Ducking the debate: A look at California’s foie gras ban
Sacramento chefs turned lobbyists take to the Capitol in defense of fatty livers
Here’s a First World food fight: The world’s top chefs facing off against poll-sitting politicians and the F-bomb wielding leader of the state’s Democratic party over the right to render ducks obese and sell their fatty livers.
Of course, such a fowl fracas could only go down under the rotunda of California’s Capitol.
Sacramento born-and-raised chef Adam Pechal put on his kitchen whites last Tuesday, but didn’t start cooking at one his two popular central-city restaurants: He went to work lobbying state lawmakers.
“I’d never stepped foot in that building before,” he admitted, “but then, next thing I know, we are running from office to office. Even some of the lobbyists were saying, ‘We’ve never had so many meetings in a day before.’”
Pechal and more than 100 other California chefs don’t have much time: On July 1, the production and sale of foie gras—duck and goose liver thats been fattened by overgorging or force-feeding—will be banned in the state.
And these chefs’ eleventh-hour campaign to reverse state law—which was authored back in 2004 by then-state senator, now California Democratic Party Chairman John Burton—does not come without controversy.
Critics of foie gras, including activist groups such as People for the Ethical Treatment of Animals and even Wolfgang Puck, say it’s unethical. They lambast the use of a tube to force-feed birds, a process known as gavage, and say there are disconcerting health issues that arise by fostering a duck’s liver to become upward of 10 times its normal size.
They also say California chefs are ducking the debate: How can they pride themselves on sourcing ethically farmed meats and poultry and fish, but make an exception when it comes to force-feeding birds for their lush livers?
But chefs at the Capitol insist foie gras is misunderstood. Similar to the feeling one gets after Thanksgiving dinner, they argue that ducks and geese in fact embrace the satiety they get from overgorging.
Chefs also point out that the United States’ three foie gras production farms, including Sonoma-Artisan Foie Gras an hour south of Sacramento in Farmington, go to great lengths to ensure that ducks experience decent quality of life before the slaughter. Still, there’s no moral high ground here—all U.S. ducks and geese are force-fed during their final three weeks.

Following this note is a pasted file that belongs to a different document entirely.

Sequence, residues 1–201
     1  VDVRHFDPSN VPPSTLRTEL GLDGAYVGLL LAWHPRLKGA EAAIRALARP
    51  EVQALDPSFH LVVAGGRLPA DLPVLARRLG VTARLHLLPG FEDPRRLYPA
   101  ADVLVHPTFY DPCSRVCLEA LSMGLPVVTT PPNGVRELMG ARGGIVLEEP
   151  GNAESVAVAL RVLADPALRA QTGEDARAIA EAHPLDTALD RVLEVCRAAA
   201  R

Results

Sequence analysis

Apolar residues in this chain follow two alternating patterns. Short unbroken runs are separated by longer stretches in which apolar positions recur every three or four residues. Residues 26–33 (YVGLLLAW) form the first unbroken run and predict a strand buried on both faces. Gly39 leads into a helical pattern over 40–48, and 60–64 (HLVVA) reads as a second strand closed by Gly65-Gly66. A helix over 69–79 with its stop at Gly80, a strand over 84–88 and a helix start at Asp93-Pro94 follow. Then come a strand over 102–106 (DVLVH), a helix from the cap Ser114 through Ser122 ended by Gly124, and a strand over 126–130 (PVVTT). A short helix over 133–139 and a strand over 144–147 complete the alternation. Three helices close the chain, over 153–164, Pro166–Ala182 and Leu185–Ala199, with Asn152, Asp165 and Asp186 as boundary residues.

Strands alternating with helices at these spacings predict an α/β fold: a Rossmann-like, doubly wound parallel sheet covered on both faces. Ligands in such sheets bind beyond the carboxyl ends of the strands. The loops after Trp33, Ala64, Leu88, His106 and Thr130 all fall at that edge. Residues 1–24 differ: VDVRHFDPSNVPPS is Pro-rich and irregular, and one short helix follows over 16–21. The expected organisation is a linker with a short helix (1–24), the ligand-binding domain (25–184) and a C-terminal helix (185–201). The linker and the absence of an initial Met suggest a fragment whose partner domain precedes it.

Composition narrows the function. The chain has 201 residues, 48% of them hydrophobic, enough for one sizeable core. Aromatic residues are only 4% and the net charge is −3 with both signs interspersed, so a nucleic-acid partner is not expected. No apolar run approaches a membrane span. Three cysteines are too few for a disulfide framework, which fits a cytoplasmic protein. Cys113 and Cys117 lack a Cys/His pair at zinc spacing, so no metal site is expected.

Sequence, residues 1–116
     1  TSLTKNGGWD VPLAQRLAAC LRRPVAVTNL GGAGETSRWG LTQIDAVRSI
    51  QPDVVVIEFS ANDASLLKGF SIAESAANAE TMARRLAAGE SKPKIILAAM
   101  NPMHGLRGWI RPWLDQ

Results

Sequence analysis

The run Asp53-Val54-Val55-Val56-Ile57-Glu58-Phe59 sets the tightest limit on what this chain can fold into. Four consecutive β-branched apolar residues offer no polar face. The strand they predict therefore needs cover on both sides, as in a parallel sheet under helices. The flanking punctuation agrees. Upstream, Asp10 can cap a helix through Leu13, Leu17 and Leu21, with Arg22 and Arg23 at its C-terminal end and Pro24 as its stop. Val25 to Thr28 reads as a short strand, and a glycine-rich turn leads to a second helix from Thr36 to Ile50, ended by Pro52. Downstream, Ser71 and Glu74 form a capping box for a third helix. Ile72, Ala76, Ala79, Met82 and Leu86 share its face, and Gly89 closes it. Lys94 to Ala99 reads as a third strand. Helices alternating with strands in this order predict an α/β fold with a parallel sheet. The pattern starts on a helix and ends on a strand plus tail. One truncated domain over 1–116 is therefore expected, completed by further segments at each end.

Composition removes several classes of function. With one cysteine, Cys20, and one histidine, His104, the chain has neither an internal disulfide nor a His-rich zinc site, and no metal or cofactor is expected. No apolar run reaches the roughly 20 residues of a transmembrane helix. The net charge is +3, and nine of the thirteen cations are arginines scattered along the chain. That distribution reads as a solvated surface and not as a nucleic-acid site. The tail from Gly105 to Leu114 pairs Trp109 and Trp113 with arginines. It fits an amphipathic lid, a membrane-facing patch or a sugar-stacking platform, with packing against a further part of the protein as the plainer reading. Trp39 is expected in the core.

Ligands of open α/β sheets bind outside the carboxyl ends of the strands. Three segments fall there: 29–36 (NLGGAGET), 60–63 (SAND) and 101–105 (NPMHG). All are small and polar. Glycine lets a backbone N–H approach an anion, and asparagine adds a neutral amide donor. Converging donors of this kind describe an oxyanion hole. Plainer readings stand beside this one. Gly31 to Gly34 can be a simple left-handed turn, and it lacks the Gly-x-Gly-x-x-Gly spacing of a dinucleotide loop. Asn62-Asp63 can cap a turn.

California’s cooks recently formed the Coalition for Humane and Ethical Farming Standards—or CHEFS, natch. Critics scoff at this humanitarian-minded acronym; CHEFS hope to persuade lawmakers to end the ban and also exploit California’s buying power to improve foie gras production standards from Canada to Israel.
They’ve recruited the Golden Gate Restaurant Association and hired high-priced lobbying outfit Platinum Advisors and founder Darius Anderson—yes, that’s the same guy with the Ron Burkle new-Sacramento Kings-owner connection—to influence power.
But the lobbying so far has been less than ducky. And chefs say politicians’ fear of reprisal from party chairman Burton is a problem.
“He’s got a lot of Democrats scared,” Pechal argued. “He is just an in your face, F-bomb dropping bully.”
It’s true that Burton’s presence looms large. The 79-year-old former lawmaker even sent a memo to assemblymembers’ offices on May 1, insisting they uphold his law.
And Burton—who in the past has praised soy imitation meat over the real thing—was forthright in his dismissal of CHEFS on Michael Krasny’s Forum radio program. “I would suggest that some of these chefs sit down at the table and let somebody just keep force-feeding them, jamming food down their throat into their esophagus, and see if they think it’s a worthy endeavor,” Burton said.
Most chefs liken Burton to a quack. “It seems amazing to me,” began Matt Gordon, a celebrated San Diego chef who flew into Sacramento last week for a six-hour lobbying jaunt, “that there’s no general outcry that someone as respected as the chairman of the party can say he wants to force-feed me.